It’s hard to say what causes cryptocurrencies to go up or down on any given day. In recent months, Bitcoin and other cryptocurrencies have exhibited classic signs of a speculative bubble, with millions of ordinary investors flooding into the market in hopes of making an easy buck. That helped to push Bitcoin to new heights, but it also heightened the cryptocurrency’s already significant volatility.
Investors in South Korea and Japan, the two largest cryptocurrency trading nations, were sitting on the sidelines Tuesday waiting for the regulatory uncertainty to clear before placing further bets, said Greenspan. He believes the light trading volume caused bitcoin’s price to plunge.
Bitcoin approached a record $20,000 in mid-December as it launched on futures exchanges in the United States. But it has since fallen sharply on intense regulatory scrutiny.
Speculators across the globe are struggling to determine when or how market watchdogs may rein in an industry that’s decentralized and derives much of its value from anonymous ownership. Many assertions that digital coins represent a bubble have triggered double-digit selloffs over the past year, only to be followed by rebounds.
In South Korea, shutting down cryptocurrency exchanges is still an option, Finance Minister Kim Dong-Yeon said in an interview with TBS radio. But measures first need “serious” discussion among ministries, Kim added, holding out hope for traders that a crackdown won’t go that far. Kim said there’s irrational speculation and that rational regulation was needed.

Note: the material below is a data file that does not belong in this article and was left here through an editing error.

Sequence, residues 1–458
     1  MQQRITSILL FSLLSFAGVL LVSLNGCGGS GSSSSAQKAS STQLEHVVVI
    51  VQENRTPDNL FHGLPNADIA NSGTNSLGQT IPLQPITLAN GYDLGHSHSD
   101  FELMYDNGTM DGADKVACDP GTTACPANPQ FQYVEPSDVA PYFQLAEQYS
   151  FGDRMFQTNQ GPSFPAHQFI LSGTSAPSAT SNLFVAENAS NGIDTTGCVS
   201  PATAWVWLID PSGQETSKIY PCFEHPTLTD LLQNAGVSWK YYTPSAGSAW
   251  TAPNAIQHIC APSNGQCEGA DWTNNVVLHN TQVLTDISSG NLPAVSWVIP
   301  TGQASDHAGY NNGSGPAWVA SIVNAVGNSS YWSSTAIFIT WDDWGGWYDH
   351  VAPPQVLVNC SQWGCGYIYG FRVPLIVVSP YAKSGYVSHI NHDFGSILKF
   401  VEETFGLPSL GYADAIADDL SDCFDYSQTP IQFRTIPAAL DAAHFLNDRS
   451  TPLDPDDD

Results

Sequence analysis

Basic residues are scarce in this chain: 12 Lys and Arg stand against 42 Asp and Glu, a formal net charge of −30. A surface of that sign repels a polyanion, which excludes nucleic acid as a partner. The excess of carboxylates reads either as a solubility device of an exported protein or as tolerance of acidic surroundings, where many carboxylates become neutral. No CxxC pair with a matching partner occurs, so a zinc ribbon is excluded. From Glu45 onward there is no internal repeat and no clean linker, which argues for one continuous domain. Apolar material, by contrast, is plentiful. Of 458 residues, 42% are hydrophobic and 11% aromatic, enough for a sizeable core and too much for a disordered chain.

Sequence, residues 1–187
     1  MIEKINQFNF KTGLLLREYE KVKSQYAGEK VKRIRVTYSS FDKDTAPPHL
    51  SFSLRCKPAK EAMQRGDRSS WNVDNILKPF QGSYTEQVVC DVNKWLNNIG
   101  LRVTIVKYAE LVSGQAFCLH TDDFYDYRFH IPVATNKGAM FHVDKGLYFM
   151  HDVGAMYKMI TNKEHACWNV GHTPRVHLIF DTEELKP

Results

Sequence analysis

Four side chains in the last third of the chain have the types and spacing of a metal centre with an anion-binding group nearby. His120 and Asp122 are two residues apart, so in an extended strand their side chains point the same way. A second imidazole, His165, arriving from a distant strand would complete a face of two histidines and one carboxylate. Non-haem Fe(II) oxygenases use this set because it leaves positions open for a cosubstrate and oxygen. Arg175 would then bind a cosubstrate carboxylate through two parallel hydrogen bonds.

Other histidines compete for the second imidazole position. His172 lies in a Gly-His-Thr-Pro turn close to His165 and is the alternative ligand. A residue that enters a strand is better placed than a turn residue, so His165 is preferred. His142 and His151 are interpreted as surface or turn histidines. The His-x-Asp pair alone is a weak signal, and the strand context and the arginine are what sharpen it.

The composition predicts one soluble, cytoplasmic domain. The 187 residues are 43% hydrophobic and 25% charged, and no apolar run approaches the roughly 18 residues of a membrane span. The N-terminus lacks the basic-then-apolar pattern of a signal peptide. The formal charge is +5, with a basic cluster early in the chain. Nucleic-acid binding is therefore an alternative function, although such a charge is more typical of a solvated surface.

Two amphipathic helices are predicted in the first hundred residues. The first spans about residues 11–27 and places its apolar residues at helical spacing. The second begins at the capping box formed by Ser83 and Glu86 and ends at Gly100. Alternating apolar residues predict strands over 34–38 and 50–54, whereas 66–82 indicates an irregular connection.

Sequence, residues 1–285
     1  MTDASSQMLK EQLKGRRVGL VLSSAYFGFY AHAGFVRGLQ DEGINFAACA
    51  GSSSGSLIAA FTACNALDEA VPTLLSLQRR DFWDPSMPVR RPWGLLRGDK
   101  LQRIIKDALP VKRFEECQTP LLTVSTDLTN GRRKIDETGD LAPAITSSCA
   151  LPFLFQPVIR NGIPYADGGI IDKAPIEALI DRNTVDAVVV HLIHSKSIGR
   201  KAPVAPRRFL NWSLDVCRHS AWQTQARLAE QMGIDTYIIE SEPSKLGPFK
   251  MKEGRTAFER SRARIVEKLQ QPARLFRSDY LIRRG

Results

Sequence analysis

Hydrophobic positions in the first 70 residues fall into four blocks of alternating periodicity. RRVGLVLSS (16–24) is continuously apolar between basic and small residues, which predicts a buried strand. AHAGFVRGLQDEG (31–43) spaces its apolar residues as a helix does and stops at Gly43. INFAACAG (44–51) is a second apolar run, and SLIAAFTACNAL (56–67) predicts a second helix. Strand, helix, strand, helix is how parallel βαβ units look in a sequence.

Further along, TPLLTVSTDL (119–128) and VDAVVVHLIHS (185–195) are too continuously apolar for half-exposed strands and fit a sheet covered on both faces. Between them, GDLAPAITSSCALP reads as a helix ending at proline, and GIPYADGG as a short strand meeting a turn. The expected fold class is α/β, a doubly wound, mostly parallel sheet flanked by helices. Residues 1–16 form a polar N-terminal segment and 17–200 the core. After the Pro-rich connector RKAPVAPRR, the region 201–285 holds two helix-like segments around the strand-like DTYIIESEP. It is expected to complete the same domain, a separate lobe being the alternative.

The price of the volatile digital currency dipped below $11,000 around 5 p.m. ET on Tuesday, its lowest level in more than a month, according to data from CoinDesk.com.
Other popular cryptocurrencies ethereum and ripple also posted double-digit losses.It’s unclear why bitcoin fell. Cryptocurrency is a murky market with frequent swings.
“Volatility is quite common in the cryptocurrency world,” said Mati Greenspan, a Tel Aviv-based analyst at investment firm eToro.
The plunge follows a Bloomberg report on Monday that Chinese officials were stepping-up measures to limit cryptocurrency trading, which is already banned on exchanges